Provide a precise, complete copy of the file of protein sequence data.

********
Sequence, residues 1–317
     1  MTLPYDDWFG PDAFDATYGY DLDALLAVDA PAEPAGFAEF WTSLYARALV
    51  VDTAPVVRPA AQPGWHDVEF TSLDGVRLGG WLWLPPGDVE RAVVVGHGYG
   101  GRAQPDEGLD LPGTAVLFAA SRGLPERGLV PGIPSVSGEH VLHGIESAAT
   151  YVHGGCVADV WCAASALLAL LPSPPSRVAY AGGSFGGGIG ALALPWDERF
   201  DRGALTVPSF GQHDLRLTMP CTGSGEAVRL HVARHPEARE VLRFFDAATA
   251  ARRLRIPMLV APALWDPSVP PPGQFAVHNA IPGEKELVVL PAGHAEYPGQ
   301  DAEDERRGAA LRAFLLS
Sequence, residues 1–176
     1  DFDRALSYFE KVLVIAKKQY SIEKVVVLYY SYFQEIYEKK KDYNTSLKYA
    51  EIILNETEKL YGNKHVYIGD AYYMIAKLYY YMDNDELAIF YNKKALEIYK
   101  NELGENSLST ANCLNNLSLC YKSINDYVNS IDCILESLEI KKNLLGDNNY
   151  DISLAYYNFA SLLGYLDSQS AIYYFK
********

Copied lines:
Sequence, residues 1–317
     1  MTLPYDDWFG PDAFDATYGY DLDALLAVDA PAEPAGFAEF WTSLYARALV
    51  VDTAPVVRPA AQPGWHDVEF TSLDGVRLGG WLWLPPGDVE RAVVVGHGYG
   101  GRAQPDEGLD LPGTAVLFAA SRGLPERGLV PGIPSVSGEH VLHGIESAAT
   151  YVHGGCVADV WCAASALLAL LPSPPSRVAY AGGSFGGGIG ALALPWDERF
   201  DRGALTVPSF GQHDLRLTMP CTGSGEAVRL HVARHPEARE VLRFFDAATA
   251  ARRLRIPMLV APALWDPSVP PPGQFAVHNA IPGEKELVVL PAGHAEYPGQ
   301  DAEDERRGAA LRAFLLS
Sequence, residues 1–176
     1  DFDRALSYFE KVLVIAKKQY SIEKVVVLYY SYFQEIYEKK KDYNTSLKYA
    51  EIILNETEKL YGNKHVYIGD AYYMIAKLYY YMDNDELAIF YNKKALEIYK
   101  NELGENSLST ANCLNNLSLC YKSINDYVNS IDCILESLEI KKNLLGDNNY
   151  DISLAYYNFA SLLGYLDSQS AIYYFK